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How To Divide Estate Planning Duties Between Your Adult Children

Avoid problems later by learning how to select and split up duties among your adult children now.

We’d like to believe that sibling rivalry stops when your kids mature and become adults, but the truth is in most families it never ends. (Have you seen Succession?) When planning your estate, you need to consider how your children will be involved, and not just who gets what. Estate planning requires naming people for important jobs, and while it might be tempting to avoid this touchy subject, selecting these roles in advance can help avoid disputes, heartache, and massive legal fees later on.

We’ve always believed that one of the best gifts you can give your children, which they don’t even know they need, is a well thought out estate plan. Not only can you rest assured that your end of life wishes are carried out as seamlessly as possible, but you’ll also be helping your children and loved ones move on without taking their grief or other volatile emotions out on each other.

Tips On Splitting Up Estate Planning Duties

Fairness is a great approach to parenting, not estate planning.

If you’re a parent with multiple children, it’s likely that you’ve been incorporating this strategy since the beginning. For example, maybe when your kids were young you decided to be fair and offered each child the same chance to learn a sport, or the same opportunity to participate in special extra curricular activities. Estate planning is not the same thing. Determining which of your children is assigned which jobs should depend on suitability, personality, reliability, and educational background - not fairness.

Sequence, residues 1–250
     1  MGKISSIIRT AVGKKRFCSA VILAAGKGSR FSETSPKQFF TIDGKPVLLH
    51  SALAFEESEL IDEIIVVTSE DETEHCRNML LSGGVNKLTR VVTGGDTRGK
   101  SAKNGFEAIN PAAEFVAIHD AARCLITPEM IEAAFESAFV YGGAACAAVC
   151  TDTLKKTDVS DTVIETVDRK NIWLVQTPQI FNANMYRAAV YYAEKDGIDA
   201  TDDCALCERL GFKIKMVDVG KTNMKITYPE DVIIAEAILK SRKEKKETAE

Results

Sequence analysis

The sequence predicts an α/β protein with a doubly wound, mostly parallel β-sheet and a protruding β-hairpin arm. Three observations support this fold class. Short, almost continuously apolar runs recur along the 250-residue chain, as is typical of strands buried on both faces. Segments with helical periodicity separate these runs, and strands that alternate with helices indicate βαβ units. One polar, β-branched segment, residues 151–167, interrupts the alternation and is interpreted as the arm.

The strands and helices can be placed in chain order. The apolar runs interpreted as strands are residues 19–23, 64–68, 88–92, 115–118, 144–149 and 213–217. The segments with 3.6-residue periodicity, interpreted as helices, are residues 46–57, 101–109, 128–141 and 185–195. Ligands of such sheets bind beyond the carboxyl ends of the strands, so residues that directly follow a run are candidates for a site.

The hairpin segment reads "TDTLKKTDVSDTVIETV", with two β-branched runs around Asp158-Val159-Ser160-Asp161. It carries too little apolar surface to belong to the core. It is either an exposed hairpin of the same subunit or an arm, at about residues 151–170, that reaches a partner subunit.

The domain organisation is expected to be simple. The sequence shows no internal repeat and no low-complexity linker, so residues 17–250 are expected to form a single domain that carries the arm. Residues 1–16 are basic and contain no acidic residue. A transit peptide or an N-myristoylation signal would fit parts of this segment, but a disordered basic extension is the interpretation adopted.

Consider the innate differences among your children.

Despite all your best efforts at fairness, your children have probably grown up to be very different individuals as adults. When it comes to determining which kids are right for which roles, you can actually use these differences to help you choose roles. Differences can help you align your adult children to the proper duty. As tough as it might be, you may have a child that isn’t suited to any role. While it’d be pretty great if you had a lawyer, doctor, and accountant as children to split up the jobs easily, we’ll break down some ways to help you decide. Trust us, your children might feel a bit slighted now but will thank you later.

Important Estate Planning Positions

Health Care Proxy: Should you become unable to make health decisions on your own, due to either physical or mental issues, you can name this person to make medical decisions for you. If you don’t decide on this yourself, and none of your children see eye-to-eye on who should be making decisions, the court will pick someone for you (and it most likely won't be easy or pretty).

Traits for handling the job

  • Trustworthy: You ideally want this person to share your moral values, or understand that they can be relied upon to follow your wishes. They’ll be privy to your wishes for care including end-of-life treatment (ideally in the form of a Living Will); if they don’t have any written direction it’ll be up to them to make the call that best aligns with what you would have wanted.
  • Communication skills: This person will be dealing with doctors, nurses, and other family and friends, and should be able to communicate complicated, scientific, and emotional detailed information with tact.